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I think we have to recognise that nominal prices only ever fell in the last crash and that according to Nationwide it was a 20% drop (from 60K down to about 50K I think).

If nominal prices fall by more than that this time, it will be the biggest nominal fall on record and be unprecedented.  I think that this is an unknown quantity to be honest.

I also don't see where massive wage inflation is coming from either, but my eye is currently on what happens with oil because the signs seem to point to some big developments there.  :unsure:

i did a bit of research and apparently the level of personal debt around the last crash was 300 bill (adjusted for inflation in 2002 terms), so given that we now have over 3 times as much personal debt i think any correction could be pant browningly severe!

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i think any correction could be pant browningly severe!

Whilst people pay off their debts, this will surely have to be not just a recession, but a rather prolonged one, under which house prices cannot boom and must fall, at whatever rate.

Because without inflation to help people with their debts, and relatively little wage inflation, where is the money meant to come from ?

I think many will choose bankruptcy which, annoyingly, is now made far easier by the system.

We've already seen bankruptcies going to record levels even at this early stage, and we're probably at the tip of the iceberg.

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Whilst people pay off their debts, this will surely have to be not just a recession, but a rather prolonged one, under which house prices cannot boom and must fall, at whatever rate.

Because without inflation to help people with their debts, and relatively little wage inflation, where is the money meant to come from ?

I think many will choose bankruptcy which, annoyingly, is now made far easier by the system.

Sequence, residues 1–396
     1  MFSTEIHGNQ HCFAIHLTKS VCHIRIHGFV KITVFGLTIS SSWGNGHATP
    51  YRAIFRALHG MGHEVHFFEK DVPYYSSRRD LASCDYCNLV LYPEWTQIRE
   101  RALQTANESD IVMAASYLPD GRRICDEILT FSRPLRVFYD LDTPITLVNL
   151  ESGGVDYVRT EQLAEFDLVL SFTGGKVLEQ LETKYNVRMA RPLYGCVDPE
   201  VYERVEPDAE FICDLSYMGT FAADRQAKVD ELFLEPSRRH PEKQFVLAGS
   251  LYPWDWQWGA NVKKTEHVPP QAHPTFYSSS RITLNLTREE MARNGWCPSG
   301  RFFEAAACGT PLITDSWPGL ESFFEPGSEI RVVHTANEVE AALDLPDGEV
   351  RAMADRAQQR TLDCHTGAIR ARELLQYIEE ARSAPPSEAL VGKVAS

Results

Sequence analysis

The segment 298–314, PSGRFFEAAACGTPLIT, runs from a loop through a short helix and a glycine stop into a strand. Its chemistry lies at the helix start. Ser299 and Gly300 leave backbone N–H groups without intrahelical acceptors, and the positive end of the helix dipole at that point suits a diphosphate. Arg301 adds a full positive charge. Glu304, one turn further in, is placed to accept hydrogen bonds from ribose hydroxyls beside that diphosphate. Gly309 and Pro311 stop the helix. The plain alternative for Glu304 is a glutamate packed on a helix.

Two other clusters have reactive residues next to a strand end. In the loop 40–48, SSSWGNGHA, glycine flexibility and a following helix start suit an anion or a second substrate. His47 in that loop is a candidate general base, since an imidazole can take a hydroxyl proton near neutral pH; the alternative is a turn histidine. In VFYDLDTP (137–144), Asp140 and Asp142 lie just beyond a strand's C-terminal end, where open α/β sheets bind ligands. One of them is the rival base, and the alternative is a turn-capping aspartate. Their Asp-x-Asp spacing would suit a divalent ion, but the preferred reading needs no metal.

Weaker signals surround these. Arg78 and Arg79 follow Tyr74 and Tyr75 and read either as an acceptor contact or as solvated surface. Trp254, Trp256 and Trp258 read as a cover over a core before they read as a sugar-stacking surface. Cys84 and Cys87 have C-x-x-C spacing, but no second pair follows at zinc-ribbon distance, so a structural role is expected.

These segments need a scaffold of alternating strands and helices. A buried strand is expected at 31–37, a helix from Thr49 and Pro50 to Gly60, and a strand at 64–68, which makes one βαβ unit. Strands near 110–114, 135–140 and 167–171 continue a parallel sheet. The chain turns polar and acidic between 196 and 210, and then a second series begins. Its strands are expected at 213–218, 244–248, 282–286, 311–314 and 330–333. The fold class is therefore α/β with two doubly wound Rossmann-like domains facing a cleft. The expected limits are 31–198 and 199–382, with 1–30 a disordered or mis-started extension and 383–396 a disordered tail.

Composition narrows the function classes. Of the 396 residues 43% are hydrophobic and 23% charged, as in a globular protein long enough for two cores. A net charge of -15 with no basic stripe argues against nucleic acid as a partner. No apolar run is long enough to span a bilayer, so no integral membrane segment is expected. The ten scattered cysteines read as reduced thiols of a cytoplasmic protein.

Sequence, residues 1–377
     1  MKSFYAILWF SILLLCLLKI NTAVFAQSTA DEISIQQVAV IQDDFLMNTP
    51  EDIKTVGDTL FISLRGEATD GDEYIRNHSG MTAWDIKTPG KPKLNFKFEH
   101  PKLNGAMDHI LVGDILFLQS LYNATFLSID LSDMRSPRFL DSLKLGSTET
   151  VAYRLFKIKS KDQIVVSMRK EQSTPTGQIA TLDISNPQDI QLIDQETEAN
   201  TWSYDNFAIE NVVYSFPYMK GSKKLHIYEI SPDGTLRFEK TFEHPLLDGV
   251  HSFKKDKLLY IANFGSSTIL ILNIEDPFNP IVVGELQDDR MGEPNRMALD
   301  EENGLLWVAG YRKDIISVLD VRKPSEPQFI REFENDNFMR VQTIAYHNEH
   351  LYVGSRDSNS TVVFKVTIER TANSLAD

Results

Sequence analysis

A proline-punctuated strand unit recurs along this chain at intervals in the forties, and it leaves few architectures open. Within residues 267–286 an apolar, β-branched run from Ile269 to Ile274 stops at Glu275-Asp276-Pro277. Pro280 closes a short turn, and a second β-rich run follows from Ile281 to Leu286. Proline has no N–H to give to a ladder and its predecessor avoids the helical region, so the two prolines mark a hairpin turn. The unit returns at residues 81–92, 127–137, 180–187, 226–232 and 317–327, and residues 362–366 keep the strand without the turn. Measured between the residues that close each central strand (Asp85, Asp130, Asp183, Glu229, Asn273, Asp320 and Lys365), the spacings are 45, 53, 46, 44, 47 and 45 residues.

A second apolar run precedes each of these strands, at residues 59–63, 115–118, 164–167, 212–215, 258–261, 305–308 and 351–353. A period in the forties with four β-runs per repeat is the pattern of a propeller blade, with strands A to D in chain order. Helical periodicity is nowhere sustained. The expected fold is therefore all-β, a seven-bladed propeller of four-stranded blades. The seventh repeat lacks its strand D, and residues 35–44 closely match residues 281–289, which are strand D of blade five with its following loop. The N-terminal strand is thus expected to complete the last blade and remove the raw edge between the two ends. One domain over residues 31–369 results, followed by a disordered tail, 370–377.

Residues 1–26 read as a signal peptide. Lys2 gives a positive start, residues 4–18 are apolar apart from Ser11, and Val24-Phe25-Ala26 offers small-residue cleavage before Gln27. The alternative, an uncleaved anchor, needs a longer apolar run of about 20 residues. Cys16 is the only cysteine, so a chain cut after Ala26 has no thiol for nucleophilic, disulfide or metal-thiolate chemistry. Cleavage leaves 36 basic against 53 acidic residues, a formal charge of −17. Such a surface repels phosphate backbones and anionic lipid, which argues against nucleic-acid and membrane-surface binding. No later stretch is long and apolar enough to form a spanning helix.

We've already seen bankruptcies going to record levels even at this early stage, and we're probably at the tip of the iceberg.

that is a worry yeah... but with widespread bankruptcy the money still has to unwind from the system somewhere, even if the reckless debtors are getting off (relatively) unscathed.

so apart from the obvious economic consequences... would this not have a deflationary effect too? This isn't something I'm too knowledgable on - since it's been many many moons since we had a deflationary episode in the UK (20s?) - I would expect it to be something that's not at the top of the list of concerns for the govt & BOE

can anyone shed any light on this?

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laurejon

Enoch is with you on this one. Housing has become a political issue. I worked

on the recent election campaign. People were telling me if the tories got in

IRs go through the roof. New Labour believes it can control people using debt

and thats what it is doing

Fancypants

You sound like a new labour voter/supporter next you will being posting

telling us houses have never been so affordable.

The young folk below 35 should realise new labour is their enemy.

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I think many will choose bankruptcy which, annoyingly, is now made far easier by the system.